Saturday, October 26, 2013

30 Days of GameMastering--Day 23!

If you don't know the drill by now....Lindevi, "30 Days of GameMastering", challenge, go!

What effects do system mechanics have on story?

When I started gaming, I was a big supporter of the d20 System.  One system that could do potentially everything?  A unified, easy-to-understand mechanic that just so happened to line up directly with the world's most popular roleplaying game?  Sounds great, right?

Unfortunately, in practice, results were always sort of mediocre.  While certain ports of the d20 System--notably Call of Cthulhu d20--managed to maintain atmosphere and tone, many other interpretations of the system (even by big publishers) were bloated, flavorless, and just 'meh'.  d20 Apocalypse was like that for me:  while the post-apocalyptic feel in gaming has always been ripe for great ideas, but the quintessential d20 post-apoc sourcebook left me unimpressed.

Over time, I came to realize a hard lesson:  just because you can make something in a generic system doesn't mean that you should.  Thanks to The Journeyman GM, I love Savage Worlds and its various settings, though truth be told, I can't see myself ever running a true horror game in SW.  Savage Worlds was built to emulate a pulpy, adventuresome feel, with Bennies and streamlined damage that allow for quick recovery.  In a horror game?  You don't want either of those things.  And, while Deadlands certainly contains aspects of horror, it's hard to truly be "scared" when you're playing a hard-bitten gunslinger, a mad scientist, or Gambit from the X-Men.

The right tool for the right job.
Game design is a unique animal:  it's a strange marriage of mathematician and creative writer that calls upon every spare neuron in your brain.  However, it takes both to make a great game.  A game tied too heavily to its mechanics feels generic and like math homework.  A game tied too heavily to its theme feels ephemeral and tacked on.

Think of game mechanics in terms of a tool box.  If you were going to hang a picture, you'd use a hammer and a nail.  You might instead use a drill and screws.  However, you probably wouldn't decide to use a wrench and spackle, even though they might possibly be able to hold the picture up.  The same thing goes for game mechanics.

This guy just lost some SAN points...

The best games use their mechanics to support their theme.  Call of Cthulhu encourages diverse skill use by tying advancement to using skills throughout the game.  CoC emphasizes the descent into madness through its ubiquitous "sanity spiral" wherein failing Sanity tests not only can drive you crazy now, but also makes you more likely to fail further Sanity tests.  Cold Steel Wardens emphasizes brutal combat and psychologically damaged heroes, spending an entire chapter (in a nominally superheroic game) detailing Injuries and Psychoses.  Dresden Files uses Aspects and very broad skills to emulate the flexibility of its arcanely-powered characters.

In the end, you've got to use the best tool for the job.  And, while something like d20 or GURPS or d% might be able to do the job, why not choose a more specialized tool that makes your job easier?  In this brave new world of digital publishing, there are games to emulate nearly every genre imaginable:  don't be afraid to give something new a try!


  1. I remember reading some stuff from Pinnacle about the d20 versions of Deadlands and Weird War II. One of the big problems they had was with AC and hit points. Both concepts work well in Dungeons & Dragons where heroes strap on plate mail and are expected to survive several hits from an attack. But in a setting with guns, it doesn't work because in real life bullets go through armor and are oftentimes one-hit kill weapons. They tried to get around it by handwaving away armor and adding rules where if bullets dealt a certain amount of damage they could lead to instant-death, but the problem ultimately was that d20 was not the right tool for the job.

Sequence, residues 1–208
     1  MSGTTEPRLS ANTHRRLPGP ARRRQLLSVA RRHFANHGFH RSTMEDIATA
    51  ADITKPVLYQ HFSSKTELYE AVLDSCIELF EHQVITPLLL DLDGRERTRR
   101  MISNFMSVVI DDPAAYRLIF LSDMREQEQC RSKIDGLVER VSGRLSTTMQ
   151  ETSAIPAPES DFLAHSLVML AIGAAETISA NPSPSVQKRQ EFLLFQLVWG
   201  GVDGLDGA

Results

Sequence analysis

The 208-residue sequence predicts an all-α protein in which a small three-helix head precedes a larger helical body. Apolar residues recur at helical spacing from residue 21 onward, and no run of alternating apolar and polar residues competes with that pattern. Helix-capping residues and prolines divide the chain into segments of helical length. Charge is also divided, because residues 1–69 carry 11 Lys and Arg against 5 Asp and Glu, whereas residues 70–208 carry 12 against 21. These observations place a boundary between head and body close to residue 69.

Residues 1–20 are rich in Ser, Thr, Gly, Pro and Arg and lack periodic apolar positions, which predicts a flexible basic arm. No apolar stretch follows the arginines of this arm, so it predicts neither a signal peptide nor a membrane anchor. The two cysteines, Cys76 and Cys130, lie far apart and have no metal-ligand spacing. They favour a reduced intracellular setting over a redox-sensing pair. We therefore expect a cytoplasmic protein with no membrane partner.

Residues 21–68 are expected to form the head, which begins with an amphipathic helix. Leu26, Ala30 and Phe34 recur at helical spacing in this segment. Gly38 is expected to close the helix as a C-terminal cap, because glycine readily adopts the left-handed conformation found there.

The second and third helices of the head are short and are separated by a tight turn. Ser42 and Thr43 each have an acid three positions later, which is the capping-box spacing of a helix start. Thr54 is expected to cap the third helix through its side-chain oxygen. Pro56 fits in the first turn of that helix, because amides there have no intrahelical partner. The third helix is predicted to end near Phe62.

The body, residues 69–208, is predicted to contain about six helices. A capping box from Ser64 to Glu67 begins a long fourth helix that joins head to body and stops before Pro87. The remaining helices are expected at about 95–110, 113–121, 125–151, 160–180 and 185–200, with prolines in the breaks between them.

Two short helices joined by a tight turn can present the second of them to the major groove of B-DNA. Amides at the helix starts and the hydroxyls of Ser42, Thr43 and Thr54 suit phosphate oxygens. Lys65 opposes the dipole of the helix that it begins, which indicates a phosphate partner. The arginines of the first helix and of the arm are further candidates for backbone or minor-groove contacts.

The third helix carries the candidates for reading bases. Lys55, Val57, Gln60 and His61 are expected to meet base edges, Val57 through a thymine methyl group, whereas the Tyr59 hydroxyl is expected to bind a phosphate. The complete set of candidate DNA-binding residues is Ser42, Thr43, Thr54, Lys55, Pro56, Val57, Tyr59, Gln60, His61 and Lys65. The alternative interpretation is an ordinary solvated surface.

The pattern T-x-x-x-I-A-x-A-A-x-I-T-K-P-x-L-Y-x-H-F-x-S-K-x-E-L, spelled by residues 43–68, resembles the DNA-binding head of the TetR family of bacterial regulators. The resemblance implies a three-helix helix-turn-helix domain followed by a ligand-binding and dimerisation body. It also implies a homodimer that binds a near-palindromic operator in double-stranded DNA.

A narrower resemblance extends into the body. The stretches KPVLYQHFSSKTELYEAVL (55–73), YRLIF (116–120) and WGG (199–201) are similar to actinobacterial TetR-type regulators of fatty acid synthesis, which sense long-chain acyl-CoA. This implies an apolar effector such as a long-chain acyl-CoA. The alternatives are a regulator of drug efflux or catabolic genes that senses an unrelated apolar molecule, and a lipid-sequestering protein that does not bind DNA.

Although I'm a huge Savage Worlds fanboy, I do recognize that it's not the right tool for everything. It'd be a terrible system for Doctor Who, for instance. I believe that Savage Worlds has two core values: heroes must be competent and combat must be important. Try to do a setting that doesn't follow one or both of those values and you wind up with a poor fit.

    My personal feeling about Call of Cthulhu in Savage Worlds is that it works if you're running a game where the end result is to ram a ship into Cthulhu (or if you add Nazis, as the new Achtung Cthulhu! setting does). But if you want a game more typical of how Call of Cthulhu RPG adventures go where the end result is insanity and you want to run away from combat, then you'll have a hard time getting the game you want.

  2. See, I have issues with the d% system in general. For something like Call of Cthulhu, where heroes are average guys with little-to-no combat ability, it feels very odd to see the same system being used for something like Stormbringer, which is high-fantasy action. It's just off-putting in terms of theme.

    As I've mentioned before, I can't imagine using Savage Worlds for a deep horror game. Bennies and the like just throw my whole immersion off!

  3. I'm not sure I understand your point about why d% doesn't work for Call of Cthulhu. I know you like the d20 version, but that is used for the high-fantasy action Dungeons & Dragons, especially settings like Forgotten Realms and Ebberon. How is this different than the BRP (d%) version?

    And yes, bennies are one reason why Savage Worlds doesn't work for deep horror. As you put it, you want "average guys with little-to-no combat ability" which breaks both "heroes must be competent" and "combat must be important"